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Application of the NR inhibitor (tungstate) significantly eliminated endogenous NO production at 3 h and subsequently increased NO at 12 h in roots of the tolerant genotype Jian-864 under Al stress, but had no such effect on endogenous NO production for Yang-5 (Fig. 7a,b). Treatment with the NOS inhibitor (L-NAME) partially, but not completely, abolished NO production in roots of Yang-5, but had no significant effect on that in the roots of Jian-864 (Fig. 7a,b). Under Al stress, pretreatment with the NR inhibitor (tungstate) of Jian-864 aggravated its root growth inhibition, which could be subsequently reversed by addition of the NO donor SNP, while no such effect was observed in Yang-5 (Fig. 7c). No significant Al-induced root growth inhibition in Jian-864 or Yang-5 was found by pretreatment with L-NAME (Fig. 7d).

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Figure 7. Effects of a nitrate reductase (NR) inhibitor (tungstate) and nitric oxide synthase (NOS) inhibitor (Nω-Nitro-l-arginine methyl ester hydrochloride, L-NAME) on NO content and root elongation of wheat (Triticum aestivum) seedlings. Three-day-old wheat seedlings were pretreated with an NR inhibitor (100 μM tungstate) or an NOS inhibitor (100 μM L-NAME) for 2 h, followed by Al treatment. (a) Representative images demonstrating the NO-fluorescence. Bar, 250 μm. (b) NO production expressed as relative fluorescence. Data are means ± SD (= 10). (c, d) Root elongation was measured after 24 h of Al treatment with tungstate (c) and L-NAME (d) pretreatment. Values shown are means ± SD (= 20). Different letters indicate significant differences (< 0.05) among the treatments. CK, control.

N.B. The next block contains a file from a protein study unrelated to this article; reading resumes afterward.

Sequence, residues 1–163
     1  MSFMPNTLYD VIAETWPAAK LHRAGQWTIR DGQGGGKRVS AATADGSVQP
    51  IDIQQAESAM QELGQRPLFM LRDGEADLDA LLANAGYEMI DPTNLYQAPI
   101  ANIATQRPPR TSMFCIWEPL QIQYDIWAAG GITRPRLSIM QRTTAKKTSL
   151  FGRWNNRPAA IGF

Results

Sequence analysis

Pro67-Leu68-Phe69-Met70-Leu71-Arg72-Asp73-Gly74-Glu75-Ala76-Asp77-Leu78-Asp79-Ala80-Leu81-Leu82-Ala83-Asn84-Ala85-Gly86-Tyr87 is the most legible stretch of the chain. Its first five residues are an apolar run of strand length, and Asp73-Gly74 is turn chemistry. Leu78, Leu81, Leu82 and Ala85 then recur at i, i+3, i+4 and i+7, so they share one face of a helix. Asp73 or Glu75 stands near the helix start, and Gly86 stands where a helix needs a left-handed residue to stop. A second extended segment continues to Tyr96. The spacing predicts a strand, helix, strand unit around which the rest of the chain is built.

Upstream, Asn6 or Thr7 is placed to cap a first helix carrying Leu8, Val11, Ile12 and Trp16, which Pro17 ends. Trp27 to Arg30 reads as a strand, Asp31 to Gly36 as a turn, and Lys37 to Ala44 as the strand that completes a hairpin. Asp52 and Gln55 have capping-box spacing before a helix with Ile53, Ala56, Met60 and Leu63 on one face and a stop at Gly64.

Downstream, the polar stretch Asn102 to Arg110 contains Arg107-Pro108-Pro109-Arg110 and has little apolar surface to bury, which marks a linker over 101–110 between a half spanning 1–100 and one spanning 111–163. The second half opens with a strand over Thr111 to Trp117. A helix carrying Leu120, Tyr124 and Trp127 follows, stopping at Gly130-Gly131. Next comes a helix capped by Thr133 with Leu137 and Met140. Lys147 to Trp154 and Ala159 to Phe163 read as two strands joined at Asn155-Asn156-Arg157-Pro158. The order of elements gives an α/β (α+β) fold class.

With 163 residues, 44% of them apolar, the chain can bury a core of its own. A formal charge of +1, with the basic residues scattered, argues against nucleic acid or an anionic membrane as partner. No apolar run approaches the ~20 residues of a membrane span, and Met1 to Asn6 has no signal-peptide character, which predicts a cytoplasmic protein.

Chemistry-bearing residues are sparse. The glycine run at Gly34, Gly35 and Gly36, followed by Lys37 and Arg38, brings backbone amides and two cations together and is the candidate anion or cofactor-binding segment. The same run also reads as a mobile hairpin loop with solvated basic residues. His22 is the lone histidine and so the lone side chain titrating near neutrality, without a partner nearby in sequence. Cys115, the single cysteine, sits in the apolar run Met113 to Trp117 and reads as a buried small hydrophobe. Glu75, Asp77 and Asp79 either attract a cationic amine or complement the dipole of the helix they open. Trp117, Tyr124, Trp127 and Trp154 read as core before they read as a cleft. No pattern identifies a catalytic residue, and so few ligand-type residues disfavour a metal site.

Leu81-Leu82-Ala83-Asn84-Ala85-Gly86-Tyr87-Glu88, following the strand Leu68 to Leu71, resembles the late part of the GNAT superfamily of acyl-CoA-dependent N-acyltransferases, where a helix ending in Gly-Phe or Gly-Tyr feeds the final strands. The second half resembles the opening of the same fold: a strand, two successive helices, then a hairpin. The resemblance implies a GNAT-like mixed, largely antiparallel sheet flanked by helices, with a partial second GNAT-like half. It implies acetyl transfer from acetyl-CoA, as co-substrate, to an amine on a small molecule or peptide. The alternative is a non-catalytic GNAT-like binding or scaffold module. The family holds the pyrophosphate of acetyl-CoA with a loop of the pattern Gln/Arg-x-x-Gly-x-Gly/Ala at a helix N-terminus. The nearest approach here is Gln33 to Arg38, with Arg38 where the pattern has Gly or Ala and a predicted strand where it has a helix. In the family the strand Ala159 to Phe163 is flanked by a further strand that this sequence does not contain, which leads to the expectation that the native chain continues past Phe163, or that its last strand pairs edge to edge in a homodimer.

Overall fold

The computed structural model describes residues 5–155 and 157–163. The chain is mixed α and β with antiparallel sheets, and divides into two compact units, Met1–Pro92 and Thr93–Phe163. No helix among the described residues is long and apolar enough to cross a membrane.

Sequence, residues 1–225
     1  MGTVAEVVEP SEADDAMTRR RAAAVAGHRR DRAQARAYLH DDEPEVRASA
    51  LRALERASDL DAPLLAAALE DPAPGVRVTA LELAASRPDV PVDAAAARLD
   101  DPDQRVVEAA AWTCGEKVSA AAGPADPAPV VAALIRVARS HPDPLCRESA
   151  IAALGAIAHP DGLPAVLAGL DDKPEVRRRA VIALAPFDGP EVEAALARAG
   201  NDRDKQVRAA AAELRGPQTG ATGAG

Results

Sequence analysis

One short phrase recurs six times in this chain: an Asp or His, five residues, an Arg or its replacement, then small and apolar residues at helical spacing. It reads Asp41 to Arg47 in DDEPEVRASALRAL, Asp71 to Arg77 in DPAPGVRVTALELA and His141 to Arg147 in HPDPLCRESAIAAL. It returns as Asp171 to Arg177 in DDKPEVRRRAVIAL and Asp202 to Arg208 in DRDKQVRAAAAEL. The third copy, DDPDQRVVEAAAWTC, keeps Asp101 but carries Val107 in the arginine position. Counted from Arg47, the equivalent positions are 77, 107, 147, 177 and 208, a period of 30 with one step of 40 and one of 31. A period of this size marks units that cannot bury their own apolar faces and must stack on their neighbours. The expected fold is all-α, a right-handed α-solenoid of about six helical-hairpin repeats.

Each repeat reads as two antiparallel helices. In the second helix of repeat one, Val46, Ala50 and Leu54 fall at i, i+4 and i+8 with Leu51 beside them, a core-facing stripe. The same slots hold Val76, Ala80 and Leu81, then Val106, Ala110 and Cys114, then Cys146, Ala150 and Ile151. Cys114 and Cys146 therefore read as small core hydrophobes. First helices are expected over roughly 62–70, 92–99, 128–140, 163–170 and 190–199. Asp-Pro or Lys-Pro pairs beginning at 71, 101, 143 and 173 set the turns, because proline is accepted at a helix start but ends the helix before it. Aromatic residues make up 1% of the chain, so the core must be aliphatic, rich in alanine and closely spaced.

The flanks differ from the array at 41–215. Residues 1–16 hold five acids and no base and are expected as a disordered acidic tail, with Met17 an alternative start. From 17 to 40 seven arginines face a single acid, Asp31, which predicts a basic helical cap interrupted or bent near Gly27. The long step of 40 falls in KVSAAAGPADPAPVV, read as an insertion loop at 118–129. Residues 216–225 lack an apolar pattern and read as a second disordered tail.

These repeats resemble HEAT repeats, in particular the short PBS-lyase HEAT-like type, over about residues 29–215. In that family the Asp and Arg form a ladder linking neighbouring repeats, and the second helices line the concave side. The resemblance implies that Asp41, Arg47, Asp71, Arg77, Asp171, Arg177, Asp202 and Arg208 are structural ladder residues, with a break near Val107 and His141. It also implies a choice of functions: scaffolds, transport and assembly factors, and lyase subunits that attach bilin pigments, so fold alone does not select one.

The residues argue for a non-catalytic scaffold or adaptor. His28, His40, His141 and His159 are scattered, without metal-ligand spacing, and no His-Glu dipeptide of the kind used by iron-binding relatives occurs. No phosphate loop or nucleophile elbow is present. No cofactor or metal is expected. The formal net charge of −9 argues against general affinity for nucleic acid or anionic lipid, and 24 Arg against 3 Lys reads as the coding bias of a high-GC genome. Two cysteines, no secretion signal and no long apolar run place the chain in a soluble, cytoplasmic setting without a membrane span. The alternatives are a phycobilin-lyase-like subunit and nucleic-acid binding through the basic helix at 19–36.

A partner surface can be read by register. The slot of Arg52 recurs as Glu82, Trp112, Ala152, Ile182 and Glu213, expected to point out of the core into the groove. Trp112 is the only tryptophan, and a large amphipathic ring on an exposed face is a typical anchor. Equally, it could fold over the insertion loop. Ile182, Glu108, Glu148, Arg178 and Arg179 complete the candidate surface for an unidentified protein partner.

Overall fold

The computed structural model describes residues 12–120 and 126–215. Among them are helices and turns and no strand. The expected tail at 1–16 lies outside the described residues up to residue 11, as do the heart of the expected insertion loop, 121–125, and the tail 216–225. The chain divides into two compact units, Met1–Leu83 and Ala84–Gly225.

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The effect of NO variation on the activities of antioxidative enzymes

Analysis of antioxidant enzymes revealed that early NO production played an important role in protection against Al-induced oxidative stress by enhancing antioxidant enzyme activities (Fig. 8). Activities of SOD, CAT and GR in wheat roots increased after Al exposure for 24 h, by 54, 50 and 68% in Jian-864, and 52, 20 and 7% in Yang-5, respectively (Fig. 8). POD activity in Yang-5 treated with Al was 41% higher than that of the controls (Fig. 8d), which may result from a sufficient supply of H2O2, as POD could regulate cell-wall stiffening by catalyzing the oxidative cross-linking of cell wall polymers. Application of SNP further increased the activities of Al-induced antioxidant enzymes (Fig. 8b,c). Conversely, the activities of antioxidant enzymes tested were inhibited by the application of NO scavenger (cPTIO) and NR inhibitor (tungstate) in Jian-864 in the presence of Al treatment.

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Figure 8. Effects of different treatments on antioxidant enzyme changes in wheat (Triticum aestivum) seedlings under aluminium (Al) stress. Three-day-old seedlings were used for the experiments. Seedlings were treated with 30 μM Al and with or without 250 μM sodium nitroprusside (SNP) for 24 h. For the nitric oxide (NO) scavenger and nitrate reductase (NR) inhibitor treatments, the seedlings were pretreated with 100 μM 2-(4-carboxyphenyl)-4,4,5,5-tetramethylimidazoline-1-oxyl-3-oxide (cPTIO) or 100 μM tungstate for 2 h, followed by 24 h of Al treatment. Roots were then collected to determine the activities of antioxidant enzymes: superoxide dismutase (SOD; a), glutathione reductase (GR; b), catalase (CAT; c) and peroxidase (POD; d). Values shown are means ± SD (= 3). Different letters indicate significant differences (< 0.05) among the treatments. CK, control; Pr, protein.

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Discussion

  1. Top of page
  2. Summary
  3. Introduction
  4. Materials and Methods
  5. Results
  6. Discussion
  7. Acknowledgements
  8. References
  9. Supporting Information